Wednesday, May 15, 2013

Players Championship

On Sunday, Tiger Woods once again proved his worth to the sport of golf as NBC posted its highest television rating for a PGA TOUR event in 2013 during the final round of The Players Championship. The network drew a 5.5 rating which is outstanding for a regular TOUR event. Woods won his fourth title of the year and dueled out a host of players down the stretch- including his arch-rival Sergio Garcia.
The Players Championship is a hybrid when it comes to professional golf tournaments. The four majors are well defined- The Masters, the U.S. Open, British Open and PGA Championship being clearly the most prestigious in all of golf. The PGA Championship has the strongest field among the four majors and to the credit of The Players it has arguably the second strongest field in professional golf.
The Woods-Garcia rivalry is not necessarily golf’s version of Ali-Frazier, but it makes for interesting drama. Things heated up on Saturday when Garcia was apparently distracted during his swing by a crowd reaction to Woods’ club selection on a par five hole. After hitting his shot, one he wasn't satisfied with, Garcia glared across the fairway at Woods.
During a post round interview, Garcia quipped, “We really don’t enjoy each other’s company. You don’t have to be a rocket engineer to figure that out.”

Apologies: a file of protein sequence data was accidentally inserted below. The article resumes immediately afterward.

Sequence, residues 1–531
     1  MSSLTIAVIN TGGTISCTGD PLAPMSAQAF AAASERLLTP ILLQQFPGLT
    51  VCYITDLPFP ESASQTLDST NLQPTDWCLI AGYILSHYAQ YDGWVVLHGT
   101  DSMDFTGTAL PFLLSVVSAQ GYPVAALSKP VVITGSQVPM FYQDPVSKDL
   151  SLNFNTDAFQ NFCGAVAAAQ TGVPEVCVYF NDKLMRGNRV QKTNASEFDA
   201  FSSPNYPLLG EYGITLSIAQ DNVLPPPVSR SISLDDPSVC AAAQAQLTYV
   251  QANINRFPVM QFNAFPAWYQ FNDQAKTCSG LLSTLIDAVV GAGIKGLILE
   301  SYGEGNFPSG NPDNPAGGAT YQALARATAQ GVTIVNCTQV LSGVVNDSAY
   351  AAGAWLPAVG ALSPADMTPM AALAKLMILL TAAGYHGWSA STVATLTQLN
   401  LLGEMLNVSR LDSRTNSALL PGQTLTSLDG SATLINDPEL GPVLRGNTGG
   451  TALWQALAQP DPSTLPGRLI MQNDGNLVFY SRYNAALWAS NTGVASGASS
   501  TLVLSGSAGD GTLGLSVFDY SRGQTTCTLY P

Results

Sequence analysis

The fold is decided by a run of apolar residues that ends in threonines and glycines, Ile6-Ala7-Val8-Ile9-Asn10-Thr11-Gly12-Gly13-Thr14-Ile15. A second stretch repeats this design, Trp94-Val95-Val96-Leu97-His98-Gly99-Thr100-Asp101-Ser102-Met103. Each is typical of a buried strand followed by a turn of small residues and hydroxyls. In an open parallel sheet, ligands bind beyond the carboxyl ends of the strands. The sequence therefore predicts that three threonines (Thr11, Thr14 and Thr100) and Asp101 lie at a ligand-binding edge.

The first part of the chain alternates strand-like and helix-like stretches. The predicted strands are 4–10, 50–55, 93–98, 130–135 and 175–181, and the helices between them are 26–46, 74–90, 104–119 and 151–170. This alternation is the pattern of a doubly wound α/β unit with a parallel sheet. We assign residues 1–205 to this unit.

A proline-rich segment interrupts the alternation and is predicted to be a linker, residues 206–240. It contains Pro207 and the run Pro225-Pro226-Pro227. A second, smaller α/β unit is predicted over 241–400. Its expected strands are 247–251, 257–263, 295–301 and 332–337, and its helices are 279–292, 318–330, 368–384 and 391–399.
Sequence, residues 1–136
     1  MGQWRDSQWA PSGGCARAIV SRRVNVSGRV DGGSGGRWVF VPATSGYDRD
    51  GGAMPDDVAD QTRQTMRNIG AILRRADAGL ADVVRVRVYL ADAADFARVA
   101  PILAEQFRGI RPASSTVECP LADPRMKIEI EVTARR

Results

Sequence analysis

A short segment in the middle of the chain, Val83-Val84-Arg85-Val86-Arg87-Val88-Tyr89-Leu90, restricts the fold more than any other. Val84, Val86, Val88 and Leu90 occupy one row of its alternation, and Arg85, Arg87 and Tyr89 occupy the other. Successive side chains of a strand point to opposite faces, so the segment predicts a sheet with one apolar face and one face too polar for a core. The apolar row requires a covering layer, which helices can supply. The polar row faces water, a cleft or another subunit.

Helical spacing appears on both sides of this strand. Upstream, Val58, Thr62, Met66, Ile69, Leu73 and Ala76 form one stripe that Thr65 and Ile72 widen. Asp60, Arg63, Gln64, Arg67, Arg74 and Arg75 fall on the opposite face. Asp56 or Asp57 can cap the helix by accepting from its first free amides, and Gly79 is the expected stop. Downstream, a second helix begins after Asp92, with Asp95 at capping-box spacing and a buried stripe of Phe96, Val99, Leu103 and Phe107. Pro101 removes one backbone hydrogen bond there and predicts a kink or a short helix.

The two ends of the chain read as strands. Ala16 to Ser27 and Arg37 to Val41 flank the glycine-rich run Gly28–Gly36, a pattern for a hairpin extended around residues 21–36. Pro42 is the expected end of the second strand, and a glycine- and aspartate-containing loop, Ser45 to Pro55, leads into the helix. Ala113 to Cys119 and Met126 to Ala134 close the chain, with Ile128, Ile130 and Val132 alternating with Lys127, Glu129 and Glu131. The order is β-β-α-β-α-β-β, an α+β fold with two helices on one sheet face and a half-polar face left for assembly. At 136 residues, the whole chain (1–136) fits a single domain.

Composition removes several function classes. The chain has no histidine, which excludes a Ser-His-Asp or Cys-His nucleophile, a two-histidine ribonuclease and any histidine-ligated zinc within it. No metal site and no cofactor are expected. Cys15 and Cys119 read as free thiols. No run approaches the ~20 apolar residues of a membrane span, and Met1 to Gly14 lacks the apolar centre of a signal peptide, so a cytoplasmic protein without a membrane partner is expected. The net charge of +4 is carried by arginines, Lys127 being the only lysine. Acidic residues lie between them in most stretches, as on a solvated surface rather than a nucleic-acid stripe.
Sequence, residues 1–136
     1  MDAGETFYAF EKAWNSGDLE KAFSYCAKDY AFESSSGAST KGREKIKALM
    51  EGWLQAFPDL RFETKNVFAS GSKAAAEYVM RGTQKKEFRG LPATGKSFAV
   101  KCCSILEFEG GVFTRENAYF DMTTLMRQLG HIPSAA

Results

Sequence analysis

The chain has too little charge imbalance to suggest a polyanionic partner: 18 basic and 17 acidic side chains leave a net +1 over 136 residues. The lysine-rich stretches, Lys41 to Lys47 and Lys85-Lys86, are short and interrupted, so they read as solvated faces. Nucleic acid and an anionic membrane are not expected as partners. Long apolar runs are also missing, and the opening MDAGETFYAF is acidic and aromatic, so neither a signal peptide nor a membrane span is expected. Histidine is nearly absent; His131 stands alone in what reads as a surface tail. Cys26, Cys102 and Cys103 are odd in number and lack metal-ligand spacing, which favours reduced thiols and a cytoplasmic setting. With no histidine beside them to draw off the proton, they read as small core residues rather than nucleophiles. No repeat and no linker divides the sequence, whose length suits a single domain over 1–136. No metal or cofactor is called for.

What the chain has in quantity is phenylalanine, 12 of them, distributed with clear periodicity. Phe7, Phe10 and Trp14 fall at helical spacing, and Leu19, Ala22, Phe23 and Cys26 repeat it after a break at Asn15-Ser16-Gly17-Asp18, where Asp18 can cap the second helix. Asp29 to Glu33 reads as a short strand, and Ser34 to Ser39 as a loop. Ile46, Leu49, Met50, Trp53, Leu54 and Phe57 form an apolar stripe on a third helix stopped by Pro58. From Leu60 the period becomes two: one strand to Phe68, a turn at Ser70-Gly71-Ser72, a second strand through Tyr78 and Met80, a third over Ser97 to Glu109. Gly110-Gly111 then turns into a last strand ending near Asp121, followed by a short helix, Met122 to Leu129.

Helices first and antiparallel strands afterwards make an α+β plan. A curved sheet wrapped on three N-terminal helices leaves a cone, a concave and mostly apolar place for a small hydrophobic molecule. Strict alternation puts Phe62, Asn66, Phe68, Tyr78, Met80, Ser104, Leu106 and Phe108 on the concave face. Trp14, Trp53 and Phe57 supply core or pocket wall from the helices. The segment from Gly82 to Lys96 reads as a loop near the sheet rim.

When asked about his interpretation of the situation, Woods responded, “I’m not surprised he found something to complain about.”
The Woods-Garcia tiff was just the latest in golf’s ongoing “war of words” between various parties. The PGA Tour and the PGA of America have sparred with the USGA and the R&A all winter over anchoring. Peter Dawson, from the R&A, and I have traded several shots on various issues facing the game today.
Is all of this good for golf? Many purists would say that it’s probably not in best interests of the sport. Golf is probably the only major sport in the world where fist fights don’t take place. So, we stick with words in golf and let our clubs do the talking. I say the conversations have been okay and at the end of the day, the sport will be stronger.
Last week’s activities at The Players Championship started with the World Golf Hall of Fame induction of Fred Couples, Colin Montgomerie, Ken Venturi, Willie Park, Jr. and Ken Schofield. Many debated the merits of the Class of ’13, but I could not disagree more.
The Couples and Montgomerie inductions drew scrutiny because between the two of them, they had only one major championship. That was by Couples at The Masters. The ever popular Couples was inducted ahead of Davis Love III and Mark O’Meara, both two-time major championship winners and owners of more PGA TOUR wins than Couples.
Montgomerie won 31 times on the European Tour, the most by any British player, and he was a stalwart in the Ryder Cup. He is the fourth player in the last five years to be inducted into the Hall of Fame without winning a major. Montgomerie also won the European Order of Merit eight times.